As to where Turquoise Trail is moving, well, as one might have guessed by reading this far into the story without seeing a new address, the situation is still fluid.

“I’m looking at a couple of places, but nothing is in writing, nothing is determined,” Lawson said. “I want to have a lot more space. Our total square footage in the last place, including the brewery, was about 1,800 square feet. It was a challenge. I’m looking to probably do something 3,000 to 4,000 square feet in any location. Do it somewhere there’s ample parking. You can’t park on Central. And then, just try not to be in such a high-crime area.”

Lawson said they were broken into once before opening, with some construction tools the target, but the thief or thieves stashed those nearby and they were recovered. It still cost money to repair the broken window. Later, a window was smashed but nothing was stolen, and some equipment out by the brewery was vandalized. In some ways, Turquoise Trail was lucky not to have anything worse happen, but the general reputation of that stretch of town being so poor, it kept customers away, particularly at night.

The size of the taproom was also an issue. Lawson had hoped to make it a popular place for watching New Mexico United and other soccer games, but that never fully came to fruition.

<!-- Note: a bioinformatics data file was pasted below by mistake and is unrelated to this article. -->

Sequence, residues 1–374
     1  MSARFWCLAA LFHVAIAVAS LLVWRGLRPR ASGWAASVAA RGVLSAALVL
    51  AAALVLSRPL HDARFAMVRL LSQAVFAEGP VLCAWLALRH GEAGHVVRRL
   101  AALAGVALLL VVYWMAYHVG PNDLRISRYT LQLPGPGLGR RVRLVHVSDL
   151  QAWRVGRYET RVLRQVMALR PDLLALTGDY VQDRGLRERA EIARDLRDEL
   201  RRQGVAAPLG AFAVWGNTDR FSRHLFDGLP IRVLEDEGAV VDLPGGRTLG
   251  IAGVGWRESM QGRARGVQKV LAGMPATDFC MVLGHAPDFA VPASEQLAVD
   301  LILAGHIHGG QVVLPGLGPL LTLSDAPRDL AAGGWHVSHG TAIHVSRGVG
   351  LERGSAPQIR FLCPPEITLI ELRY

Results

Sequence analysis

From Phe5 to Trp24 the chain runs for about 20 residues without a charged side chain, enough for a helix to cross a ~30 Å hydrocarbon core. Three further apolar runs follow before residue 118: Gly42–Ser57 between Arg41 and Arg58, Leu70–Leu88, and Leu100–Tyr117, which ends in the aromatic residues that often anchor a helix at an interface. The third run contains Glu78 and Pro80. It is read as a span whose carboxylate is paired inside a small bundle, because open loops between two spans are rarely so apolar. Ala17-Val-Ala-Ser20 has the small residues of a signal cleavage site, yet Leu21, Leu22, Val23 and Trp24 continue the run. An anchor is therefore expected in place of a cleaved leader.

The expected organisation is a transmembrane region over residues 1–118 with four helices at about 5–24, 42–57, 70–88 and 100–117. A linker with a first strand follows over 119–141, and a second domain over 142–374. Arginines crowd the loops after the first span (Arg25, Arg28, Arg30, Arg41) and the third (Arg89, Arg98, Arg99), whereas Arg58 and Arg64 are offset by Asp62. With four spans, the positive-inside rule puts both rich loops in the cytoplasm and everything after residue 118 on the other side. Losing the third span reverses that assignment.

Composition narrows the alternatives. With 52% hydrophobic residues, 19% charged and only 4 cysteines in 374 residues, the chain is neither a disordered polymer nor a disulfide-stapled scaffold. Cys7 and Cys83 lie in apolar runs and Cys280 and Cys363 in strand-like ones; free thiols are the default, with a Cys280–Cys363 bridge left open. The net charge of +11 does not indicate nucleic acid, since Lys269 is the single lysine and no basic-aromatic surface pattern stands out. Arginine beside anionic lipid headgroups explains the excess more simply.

“I met with the guys from The Curse, they came by a couple times to look at the taproom,” Lawson said. “They liked the beer. I know a lot about soccer and follow soccer closely, so we had some great conversations. I was involved in the soccer community. But, I’m guessing they just thought we were too small to select us for one of their viewing sites. I think we had 40 seats in the entire place.”

In addition to being in a nicer part of town, Lawson said he hopes that a more spacious taproom will be a more welcoming place.

“I’d like to be able to do some stuff that not only gets people there, but keeps people there longer,” he said.

Some of his ideas include pool tables, dartboards, and a stage for musicians. Lawson plays in a local band, so it might be nice to perform in front of his own customers instead of just going to other breweries.

The lights are out on East Central, but Turquoise Trail will live again somewhere else.

The ultimate goal is to find a bigger space in a nicer neighborhood, while still maintaining the same welcoming vibe and quality beers.

“I’m not planning on being anywhere in that area, anywhere new Central,” Lawson said. “We had a good group of regulars that would come from the neighborhoods around there, but they’re not going to want to drive across town, probably. It will be a lot like a new start. As far as our beer goes, I think we have a really good reputation. That will carry over. We won that award last year from Albuquerque the Magazine (for) best new brewery.”

Lawson promised to keep us up to date on his search for a new location. We wish him the best of luck at keeping Turquoise Trail going in a better spot.

Until then, remember, the breweries need our support more than ever as we head into the slower winter months when the more casual fans tend to dissipate for a while. Raise a few pints in your favorite places this weekend and beyond.


— Stoutmeister